Academic journal article College Student Affairs Journal

Institutional Culture and the Advanced Degree Aspirations of Students Attending Women's Colleges

Academic journal article College Student Affairs Journal

Institutional Culture and the Advanced Degree Aspirations of Students Attending Women's Colleges

Article excerpt

Women's college culture has been found to have qualities that promote the success of women who graduate from these institutions including graduating women who are more likely to attend graduate school than women from coeducational institutions. A purposeful sample of 58 women at two Southern women's colleges were interviewed to determine how they felt their college experience had impacted their aspiration for an advanced degree. Students at the two colleges perceived different levels of institutional support for the value of advanced graduate study and found that conflicting messages about women's roles in society had a negative impact on their aspirations for an advanced degree. Findings challenge the assumption that women's colleges are alike in their commitment to women's professional advancement.

Researchers agree that while there is some room for skepticism, the majority of studies show statistically significant positive impacts of attending a women's college on satisfaction with the college experience, the development of leadership skills, educational aspirations and attainment, career aspirations, and occupational outcomes (Astin, 1977, 1993; Kuh, Shuh, & Whitt, 1991; Smith, Wolf, & Morrison, 1995; Tidball, 1980, 1986, 1989; Wolf-Wendel, 19918, 2000). Opportunities for involvement, women role models, a mission and culture that supports the learning and development of women, and strong peer relationships are among the factors in the environment of women's colleges that have a positive impact on student outcomes (Astin 1977, 1993; Kuh et al.; 1991; Smith et al.; 1995; Tidball, 1980; Wolf-Wendel, 2000). There is little research, however, that examines differences between the culture of women's colleges.

Women's colleges began to emerge in the United States during the 1830s as a means of providing women with educational opportunities. These institutions materialized primarily for the training of women to become teachers but evolved into institutions designed to give women educational opportunities comparable to those offered at men's colleges (Horowitz, 1984). Although most colleges and universities became coeducational during the 1960s, approximately 80 women's colleges committed to their original missions to provide single-sex education (Adler, 1994). Women's colleges assert that they have created a culture that has a positive impact on women's educational experiences.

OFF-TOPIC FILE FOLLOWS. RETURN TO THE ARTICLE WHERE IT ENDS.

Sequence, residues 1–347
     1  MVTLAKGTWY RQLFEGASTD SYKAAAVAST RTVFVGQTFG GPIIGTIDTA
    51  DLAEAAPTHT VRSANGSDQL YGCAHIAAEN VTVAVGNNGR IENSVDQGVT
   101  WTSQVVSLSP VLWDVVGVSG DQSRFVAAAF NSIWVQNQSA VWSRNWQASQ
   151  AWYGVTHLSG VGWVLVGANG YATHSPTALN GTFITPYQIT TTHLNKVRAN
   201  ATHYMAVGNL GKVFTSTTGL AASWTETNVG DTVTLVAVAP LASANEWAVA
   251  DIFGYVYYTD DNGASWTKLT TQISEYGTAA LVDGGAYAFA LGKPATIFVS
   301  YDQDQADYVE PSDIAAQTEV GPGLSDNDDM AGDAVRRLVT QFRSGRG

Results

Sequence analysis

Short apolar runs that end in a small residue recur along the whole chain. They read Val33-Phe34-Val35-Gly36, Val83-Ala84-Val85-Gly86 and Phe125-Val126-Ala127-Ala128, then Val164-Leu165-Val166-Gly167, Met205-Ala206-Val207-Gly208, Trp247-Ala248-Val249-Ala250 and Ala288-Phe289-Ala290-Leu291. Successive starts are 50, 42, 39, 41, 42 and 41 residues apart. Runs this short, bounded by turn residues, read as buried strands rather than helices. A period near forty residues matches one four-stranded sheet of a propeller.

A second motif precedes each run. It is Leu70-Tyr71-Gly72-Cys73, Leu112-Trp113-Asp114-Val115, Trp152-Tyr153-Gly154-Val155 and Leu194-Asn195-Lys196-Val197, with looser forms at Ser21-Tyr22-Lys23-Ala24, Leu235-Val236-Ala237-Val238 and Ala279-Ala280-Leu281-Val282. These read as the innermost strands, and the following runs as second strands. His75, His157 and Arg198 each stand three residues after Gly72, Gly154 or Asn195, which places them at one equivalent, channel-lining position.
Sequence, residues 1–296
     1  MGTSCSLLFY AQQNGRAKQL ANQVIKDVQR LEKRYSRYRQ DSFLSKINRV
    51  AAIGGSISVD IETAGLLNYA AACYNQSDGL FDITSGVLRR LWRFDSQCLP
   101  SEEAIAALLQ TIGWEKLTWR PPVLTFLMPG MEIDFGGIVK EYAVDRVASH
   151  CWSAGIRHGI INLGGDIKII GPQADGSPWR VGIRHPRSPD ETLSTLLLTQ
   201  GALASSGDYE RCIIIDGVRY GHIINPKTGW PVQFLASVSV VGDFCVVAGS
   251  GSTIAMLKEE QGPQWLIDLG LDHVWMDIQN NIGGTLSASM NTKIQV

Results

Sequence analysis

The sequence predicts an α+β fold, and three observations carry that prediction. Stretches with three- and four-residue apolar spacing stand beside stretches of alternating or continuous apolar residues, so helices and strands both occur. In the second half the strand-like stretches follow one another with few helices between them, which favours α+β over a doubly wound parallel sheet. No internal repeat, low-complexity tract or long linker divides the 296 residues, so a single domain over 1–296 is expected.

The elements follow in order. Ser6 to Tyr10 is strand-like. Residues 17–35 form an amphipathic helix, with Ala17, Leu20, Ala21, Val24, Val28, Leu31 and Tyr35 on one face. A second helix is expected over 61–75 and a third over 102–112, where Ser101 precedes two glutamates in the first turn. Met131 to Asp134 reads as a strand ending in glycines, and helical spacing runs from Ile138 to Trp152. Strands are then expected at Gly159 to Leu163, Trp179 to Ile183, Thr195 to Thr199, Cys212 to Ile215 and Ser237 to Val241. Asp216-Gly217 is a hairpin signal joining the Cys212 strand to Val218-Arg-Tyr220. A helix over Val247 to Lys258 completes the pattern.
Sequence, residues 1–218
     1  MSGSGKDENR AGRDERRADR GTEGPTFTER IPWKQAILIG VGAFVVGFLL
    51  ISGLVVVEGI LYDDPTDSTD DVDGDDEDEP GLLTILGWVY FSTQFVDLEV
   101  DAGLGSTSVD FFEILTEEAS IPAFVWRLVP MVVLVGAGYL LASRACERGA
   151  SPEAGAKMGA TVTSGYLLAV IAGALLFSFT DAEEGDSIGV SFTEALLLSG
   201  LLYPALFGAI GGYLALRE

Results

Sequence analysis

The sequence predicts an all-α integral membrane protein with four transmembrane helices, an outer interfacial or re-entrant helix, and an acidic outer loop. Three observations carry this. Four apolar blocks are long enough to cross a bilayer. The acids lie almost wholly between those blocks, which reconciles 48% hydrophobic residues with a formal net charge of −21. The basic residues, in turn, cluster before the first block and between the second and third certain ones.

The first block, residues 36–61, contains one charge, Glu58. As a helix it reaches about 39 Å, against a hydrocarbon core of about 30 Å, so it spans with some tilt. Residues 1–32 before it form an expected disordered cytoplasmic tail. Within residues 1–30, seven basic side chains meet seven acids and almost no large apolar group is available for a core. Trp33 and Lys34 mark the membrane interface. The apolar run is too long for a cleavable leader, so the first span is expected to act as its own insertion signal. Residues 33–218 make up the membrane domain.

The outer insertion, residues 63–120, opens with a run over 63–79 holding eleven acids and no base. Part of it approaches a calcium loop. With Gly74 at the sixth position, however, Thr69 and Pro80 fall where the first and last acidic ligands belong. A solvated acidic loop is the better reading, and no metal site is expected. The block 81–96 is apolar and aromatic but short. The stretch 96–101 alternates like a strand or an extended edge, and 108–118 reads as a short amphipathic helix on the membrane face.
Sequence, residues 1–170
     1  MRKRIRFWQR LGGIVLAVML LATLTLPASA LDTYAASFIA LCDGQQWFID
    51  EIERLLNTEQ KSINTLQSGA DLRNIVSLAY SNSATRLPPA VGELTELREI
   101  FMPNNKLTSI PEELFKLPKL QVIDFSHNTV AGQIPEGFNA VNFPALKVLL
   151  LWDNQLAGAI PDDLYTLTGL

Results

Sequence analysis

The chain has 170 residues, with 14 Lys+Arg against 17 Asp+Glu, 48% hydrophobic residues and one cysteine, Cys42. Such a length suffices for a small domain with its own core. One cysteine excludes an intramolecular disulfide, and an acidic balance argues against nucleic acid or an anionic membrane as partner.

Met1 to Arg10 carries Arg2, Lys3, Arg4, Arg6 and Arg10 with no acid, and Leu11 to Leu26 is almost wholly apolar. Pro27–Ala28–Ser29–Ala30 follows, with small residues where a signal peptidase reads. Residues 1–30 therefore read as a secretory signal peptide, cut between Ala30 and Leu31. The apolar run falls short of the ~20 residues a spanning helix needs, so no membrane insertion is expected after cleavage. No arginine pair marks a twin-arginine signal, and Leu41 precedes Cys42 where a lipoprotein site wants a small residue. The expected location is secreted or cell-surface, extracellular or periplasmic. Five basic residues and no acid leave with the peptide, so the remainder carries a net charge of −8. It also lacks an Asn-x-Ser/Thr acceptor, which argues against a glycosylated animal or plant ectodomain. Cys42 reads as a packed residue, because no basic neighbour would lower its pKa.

Institutional culture in higher education is defined by Kuh and Whitt (1988) as

the collective mutually shaping patterns of norms, values, practices, beliefs, and assumptions that guide the behavior of individuals and groups in an institute of higher education and provide a frame of reference within which to interpret the meanings of events and actions on and off campus. (p. 127)

The women participants of this study revealed their perceptions of how aspects of institutional culture have impacted their aspirations for an advanced degree.

Although literature comparing women's colleges to coeducational institutions is abundant, literature on the between-college differences among women's colleges is limited. To date, there is little research that purposefully compares and contrasts women's colleges and their cultures. Studying women's colleges as one homogenous group may lead to generalities about women's colleges that can be misleading. It docs not provide students the information needed to make educated choices when planning to attend a single-sex institution. This study of the perceived impact of the institutional culture of women's colleges on women's aspirations contributes to the theoretical understanding of the nature of the effectiveness of women's college education and the role of institutional culture in student outcomes. Research in this area will bring higher education closer to being able to create college experiences that are beneficial to women in both coed and single-sex settings.

Institutional Culture

An intricate part of the study of the impact of college on students' lives and aspirations involves the culture of the individual institution. …

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